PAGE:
Río Grijalva takes bodies from the pantheon; rain disaster

Río Grijalva takes bodies from the pantheon; rain disaster
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The Grijalva River threatens to 'swallow' the ejidal cemetery and homes in the Cedral sector of the Gaviotas Sur neighborhood, in Tabasco, an area that is repeatedly punished during the rainy season.

On this occasion, as a result of the growth of the river, due to the rains of the Cold Front Number 8, the channel destroyed the natural margin of this tributary, which caused a dozen crypts to succumb and end up at the bottom of the water with everything and deceased; while seven other homes in Los Almendros alley are at risk of falling.

Residents of Cedral, whose dead rest in that pantheon, and municipal authorities are preparing an operation to relocate the human remains from at least 90 graves.

Antonio Méndez, head of the pantheon, announced that while this is happening, five families have decided to remove the remains of their relatives.

In the cemetery, where there are 1,080 vaults, also lie the remains of José Guadalupe, nephew of Gustavo Alonso Palma, who in an interview with Excelsior He said that “we are afraid that erosion will continue to advance because when we buried them the grave was about fifty meters away from the shore of the Grijalva River, now the distance is only 10 meters.”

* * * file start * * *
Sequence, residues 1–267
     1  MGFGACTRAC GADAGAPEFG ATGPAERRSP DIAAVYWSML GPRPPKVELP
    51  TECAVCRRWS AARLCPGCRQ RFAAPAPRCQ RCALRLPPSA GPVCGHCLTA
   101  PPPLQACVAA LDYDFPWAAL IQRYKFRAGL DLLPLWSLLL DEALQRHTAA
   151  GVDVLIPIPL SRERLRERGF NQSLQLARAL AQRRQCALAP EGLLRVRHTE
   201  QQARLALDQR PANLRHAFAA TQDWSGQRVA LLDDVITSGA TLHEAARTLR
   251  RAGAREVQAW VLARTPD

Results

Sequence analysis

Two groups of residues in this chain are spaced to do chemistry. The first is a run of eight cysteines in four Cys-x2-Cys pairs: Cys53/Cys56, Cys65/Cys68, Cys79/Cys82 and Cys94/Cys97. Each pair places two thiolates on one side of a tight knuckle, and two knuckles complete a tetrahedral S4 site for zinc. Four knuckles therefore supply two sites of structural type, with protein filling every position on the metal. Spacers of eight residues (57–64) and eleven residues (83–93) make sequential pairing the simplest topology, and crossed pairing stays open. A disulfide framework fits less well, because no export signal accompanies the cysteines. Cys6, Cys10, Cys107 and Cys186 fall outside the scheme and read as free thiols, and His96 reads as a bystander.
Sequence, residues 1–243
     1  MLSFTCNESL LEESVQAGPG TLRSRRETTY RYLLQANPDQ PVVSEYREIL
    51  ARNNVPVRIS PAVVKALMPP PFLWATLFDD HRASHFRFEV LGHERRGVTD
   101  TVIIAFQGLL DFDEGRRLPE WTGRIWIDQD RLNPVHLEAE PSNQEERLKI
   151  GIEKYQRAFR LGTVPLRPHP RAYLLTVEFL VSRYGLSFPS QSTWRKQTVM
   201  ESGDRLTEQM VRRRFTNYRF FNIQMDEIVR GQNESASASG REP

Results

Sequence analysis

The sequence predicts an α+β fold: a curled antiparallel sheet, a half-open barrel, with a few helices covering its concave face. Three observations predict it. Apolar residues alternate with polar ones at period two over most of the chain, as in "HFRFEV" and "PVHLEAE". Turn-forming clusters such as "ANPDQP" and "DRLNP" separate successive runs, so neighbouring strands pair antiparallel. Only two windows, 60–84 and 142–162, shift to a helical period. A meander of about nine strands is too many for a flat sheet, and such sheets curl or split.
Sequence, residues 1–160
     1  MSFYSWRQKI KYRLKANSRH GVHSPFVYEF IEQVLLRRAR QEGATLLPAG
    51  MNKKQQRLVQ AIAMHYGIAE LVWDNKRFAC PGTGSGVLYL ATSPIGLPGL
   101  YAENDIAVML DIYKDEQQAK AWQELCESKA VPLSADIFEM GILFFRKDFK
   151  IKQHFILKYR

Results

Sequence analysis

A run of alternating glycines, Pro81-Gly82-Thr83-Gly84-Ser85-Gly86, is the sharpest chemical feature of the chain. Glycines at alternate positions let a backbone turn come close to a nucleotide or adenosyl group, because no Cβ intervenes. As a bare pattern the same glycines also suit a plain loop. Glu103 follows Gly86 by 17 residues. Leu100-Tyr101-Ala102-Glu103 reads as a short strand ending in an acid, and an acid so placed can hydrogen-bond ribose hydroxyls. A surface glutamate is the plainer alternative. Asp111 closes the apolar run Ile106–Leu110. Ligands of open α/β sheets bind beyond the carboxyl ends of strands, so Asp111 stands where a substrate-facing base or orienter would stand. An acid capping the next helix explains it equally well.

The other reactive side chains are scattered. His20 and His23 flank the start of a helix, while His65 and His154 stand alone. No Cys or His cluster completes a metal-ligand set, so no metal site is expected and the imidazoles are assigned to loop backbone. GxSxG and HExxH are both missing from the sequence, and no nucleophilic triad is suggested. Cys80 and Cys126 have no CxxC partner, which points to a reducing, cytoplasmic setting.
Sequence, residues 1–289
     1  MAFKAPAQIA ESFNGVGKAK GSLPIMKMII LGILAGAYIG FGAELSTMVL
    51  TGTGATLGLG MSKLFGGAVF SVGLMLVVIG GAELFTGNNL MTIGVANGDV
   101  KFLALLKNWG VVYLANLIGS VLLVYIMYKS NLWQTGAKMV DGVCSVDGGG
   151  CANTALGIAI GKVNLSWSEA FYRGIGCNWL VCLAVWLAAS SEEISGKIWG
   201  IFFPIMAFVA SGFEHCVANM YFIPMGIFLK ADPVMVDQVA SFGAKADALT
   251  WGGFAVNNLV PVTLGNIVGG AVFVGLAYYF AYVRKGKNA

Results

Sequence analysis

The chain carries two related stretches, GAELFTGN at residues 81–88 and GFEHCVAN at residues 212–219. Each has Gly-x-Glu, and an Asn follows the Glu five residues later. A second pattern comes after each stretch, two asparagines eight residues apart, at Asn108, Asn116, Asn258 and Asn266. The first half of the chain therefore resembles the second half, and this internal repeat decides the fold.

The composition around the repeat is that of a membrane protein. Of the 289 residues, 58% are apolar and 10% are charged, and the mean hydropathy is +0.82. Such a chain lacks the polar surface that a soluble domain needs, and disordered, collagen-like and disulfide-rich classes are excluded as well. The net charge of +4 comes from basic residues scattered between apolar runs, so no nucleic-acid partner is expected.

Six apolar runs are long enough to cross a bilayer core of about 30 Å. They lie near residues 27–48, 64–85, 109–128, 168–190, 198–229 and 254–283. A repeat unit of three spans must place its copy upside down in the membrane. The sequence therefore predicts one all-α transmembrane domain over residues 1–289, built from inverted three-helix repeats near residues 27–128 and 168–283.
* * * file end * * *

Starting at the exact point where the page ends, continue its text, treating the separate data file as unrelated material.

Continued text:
Governor Carlos Manuel Merino pointed out that, although the emergency is already being addressed, marginal protection will have to wait until the 'dry' season arrives, that is, when the rains end.

At least seven houses in danger

Seven homes in total are threatened with being swept away by the river, especially now that heavy rains are expected due to Cold Front number 9.

José Arturo Gómez Asencio, coordinator of municipal Civil Protection, said that as a precautionary measure the area was evacuated, however, Cristina Delgado was one of the people who watched in despair as the river took away her home.

“My house had a room, bathroom, kitchen. We had been living there for 10 years, it was a piece of land that my husband bought for 120 thousand pesos, but today we have nothing left,” he said with concern.

Fabiola Xicoténcatl

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